By Rickey Hampton, Editor and Founder of TheAfricanAmericanAthlete.com
Before you know it the 2018 NFL season will be upon us. It’s hard to believe but only a month or so from now teams will be opening training camp and begin preparations for a journey that will end at Super Bowl LIII next year.
It represents the essence of athletics: Brotherhood, unity, courage, and determination. And it took all of those intangibles for the Missouri football team to help make history, as their actions led to the resignation of Missouri president, Tim Wolfe.
I will explain why that picture is so historic in just a moment. But first, I need to recap what brought all those people together in that picture.
On Saturday evening (Nov. 7th, 2015), 30 African-American members of the Missouri football team _ the ‘Missouri 30’ is what I call them _ made a courageous decision.
They announced a boycott of all football activities until Wolfe, the president of the University of Missouri, resigned.
Sophomore safety Anthony Sherrils shared the players’ feelings via Twitter: “The athletes of color on the University of Missouri football team truly believe ‘Injustice Anywhere is a threat to Justice Everywhere. We will no longer participate in any football-related activities until President Tim Wolfe resigns or is removed due to his negligence toward marginalized students’ experiences.”
They were protesting Wolfe’s slow response to a series of racial incidents on the campus, located in Columbia, MO ., a small city of 115,000. Mizzou, has an enrollment of 35,000 students, of which about seven percent are African American.
On September 11, Payton Head, the president of the Missouri Student Association, who is African-American, was verbally assaulted by a group of students in a pickup truck. They shouted “nigger” repeatedly, at him while he walked home.
On October 5, a group of students members of the ‘Legion of Black Collegians’ was verbally assaulted with chants of “nigger” as they attempted to rehearse a play on the campus plaza. Black journalism students have also been verbally assaulted and called “nigger”, with threats of attacks by the Ku Klux Klan. Finally, on October 24, a swastika was painted on a campus building in feces.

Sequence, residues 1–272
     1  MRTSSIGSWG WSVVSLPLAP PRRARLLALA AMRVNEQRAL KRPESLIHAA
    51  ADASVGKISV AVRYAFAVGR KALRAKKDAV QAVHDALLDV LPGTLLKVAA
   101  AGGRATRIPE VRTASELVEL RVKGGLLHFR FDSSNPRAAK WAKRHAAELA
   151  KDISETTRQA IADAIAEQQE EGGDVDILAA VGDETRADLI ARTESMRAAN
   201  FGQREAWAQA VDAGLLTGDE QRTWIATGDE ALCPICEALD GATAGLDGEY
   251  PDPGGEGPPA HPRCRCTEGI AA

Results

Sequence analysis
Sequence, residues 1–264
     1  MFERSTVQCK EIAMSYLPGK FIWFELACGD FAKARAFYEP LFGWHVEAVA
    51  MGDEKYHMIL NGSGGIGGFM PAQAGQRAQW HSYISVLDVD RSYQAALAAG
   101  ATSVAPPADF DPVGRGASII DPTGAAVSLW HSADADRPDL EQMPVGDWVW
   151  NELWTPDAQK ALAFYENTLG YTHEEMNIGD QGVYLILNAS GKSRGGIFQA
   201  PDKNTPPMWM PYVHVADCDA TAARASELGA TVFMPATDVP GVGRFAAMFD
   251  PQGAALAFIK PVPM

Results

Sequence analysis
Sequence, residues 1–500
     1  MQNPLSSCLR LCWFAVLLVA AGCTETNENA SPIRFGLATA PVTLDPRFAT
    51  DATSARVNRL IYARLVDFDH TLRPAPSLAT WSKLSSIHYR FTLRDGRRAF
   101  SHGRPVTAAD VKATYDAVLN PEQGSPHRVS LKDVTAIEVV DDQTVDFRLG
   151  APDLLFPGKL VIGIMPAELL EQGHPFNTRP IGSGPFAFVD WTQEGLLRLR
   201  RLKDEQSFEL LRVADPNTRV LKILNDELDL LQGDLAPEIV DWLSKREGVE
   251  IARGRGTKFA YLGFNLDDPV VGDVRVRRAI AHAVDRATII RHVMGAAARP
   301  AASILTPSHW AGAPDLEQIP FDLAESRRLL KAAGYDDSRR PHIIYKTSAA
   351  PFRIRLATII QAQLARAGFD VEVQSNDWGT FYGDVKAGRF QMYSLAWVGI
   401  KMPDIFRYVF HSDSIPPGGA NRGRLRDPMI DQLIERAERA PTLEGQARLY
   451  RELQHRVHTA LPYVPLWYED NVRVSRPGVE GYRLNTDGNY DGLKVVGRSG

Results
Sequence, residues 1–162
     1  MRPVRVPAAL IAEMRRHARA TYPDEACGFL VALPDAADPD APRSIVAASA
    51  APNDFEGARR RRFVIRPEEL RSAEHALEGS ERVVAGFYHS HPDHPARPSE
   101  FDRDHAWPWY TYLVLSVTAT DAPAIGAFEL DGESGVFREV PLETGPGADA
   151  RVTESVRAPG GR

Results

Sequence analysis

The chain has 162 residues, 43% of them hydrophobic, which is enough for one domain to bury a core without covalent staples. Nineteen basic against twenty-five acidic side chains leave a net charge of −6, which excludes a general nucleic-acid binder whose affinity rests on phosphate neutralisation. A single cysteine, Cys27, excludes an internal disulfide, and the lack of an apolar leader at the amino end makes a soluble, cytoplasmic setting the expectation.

The ‘Missouri 30’ felt Wolfe was not responding to the problem.
The athletes used the power they have as performers in the multi-million dollar industry that is college football to make a point on social issues. The possibility of a team boycotting a football game would cost the university millions. It was tactic used in the tradition of all the great civil rights movements. Hit ’em in their pockets, that’s what makes them listen.
However, this bold move by the ‘Missouri 30’ opened them up to the possibility of crushing criticism, retribution in terms of losing their scholarships, or maybe getting kicked out of school, and even more racial hatred.
That is why their courage and conviction should be admired, and respected, even if you don’t agree with their issues.
But, here is what makes this story so great, and the picture historic. The ‘Missouri 30’ were not left to stand alone. They were joined by most, if not all, of the members of the football team. That includes the coaching staff led by head coach Gary Pinkell, who could have easily gone in a totally different direction.
After all, these men were trying to fire Pinkell’s boss. However, the 63-year-old coach stood by his team.
The picture of the entire Missouri football team _ faces, black, white, and brown, and all religions, political affiliations and beliefs _ coming together as one, is powerful.
People are going to remember this day and that picture. It will be as epic as the raised black-gloved fists of John Carlos and Tommie Smith at the 1968 Olympics, and the Cleveland Forum picture from 1967, featuring Jim Brown, Muhammad Ali, Kareem Abdul-Jabbar, Bill Russell, and other prominent black athletes.
The courage and leadership of the ‘Missouri 30’ are in the tradition of Ali and Smith and Carlos. It honors the Montgomery Bus Boycott, the Lunch Counter Sit-Ins of the ‘60s. It honors the children who went to jail in Birmingham and even Emmitt Till’s great-uncle, Mose Wright.
In 1955 Wright, testified at the murder of Till, who was grabbed out of his home in Money, Miss., by Roy Bryant and J.W. Milam., who would go on to brutally murder the 14-year-old kid for allegedly flirting with a white woman. Wright pointed at Milam and said, “Dar he.” He then pointed out Bryant. Although Milam and Bryant were acquitted by an all-white jury, Wright’s bravery is of legend in civil rights lore. The ‘Missouri 30’ and all the other athletes, coaches, students, and faculty at Missouri paid men like Wright a tribute honor in the quest for racial justice and respect.
The legends of the civil rights movement are proud, today.
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